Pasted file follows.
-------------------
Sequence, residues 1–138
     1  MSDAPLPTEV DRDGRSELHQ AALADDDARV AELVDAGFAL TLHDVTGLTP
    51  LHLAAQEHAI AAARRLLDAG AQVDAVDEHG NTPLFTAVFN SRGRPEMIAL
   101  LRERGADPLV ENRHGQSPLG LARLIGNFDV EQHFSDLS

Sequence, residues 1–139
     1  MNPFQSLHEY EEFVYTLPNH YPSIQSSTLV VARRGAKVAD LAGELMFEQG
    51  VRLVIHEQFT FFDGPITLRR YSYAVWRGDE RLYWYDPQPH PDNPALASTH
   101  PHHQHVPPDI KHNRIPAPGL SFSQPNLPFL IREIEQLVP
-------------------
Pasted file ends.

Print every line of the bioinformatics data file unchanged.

Sequence, residues 1–138
     1  MSDAPLPTEV DRDGRSELHQ AALADDDARV AELVDAGFAL TLHDVTGLTP
    51  LHLAAQEHAI AAARRLLDAG AQVDAVDEHG NTPLFTAVFN SRGRPEMIAL
   101  LRERGADPLV ENRHGQSPLG LARLIGNFDV EQHFSDLS

Sequence, residues 1–139
     1  MNPFQSLHEY EEFVYTLPNH YPSIQSSTLV VARRGAKVAD LAGELMFEQG
    51  VRLVIHEQFT FFDGPITLRR YSYAVWRGDE RLYWYDPQPH PDNPALASTH
   101  PHHQHVPPDI KHNRIPAPGL SFSQPNLPFL IREIEQLVP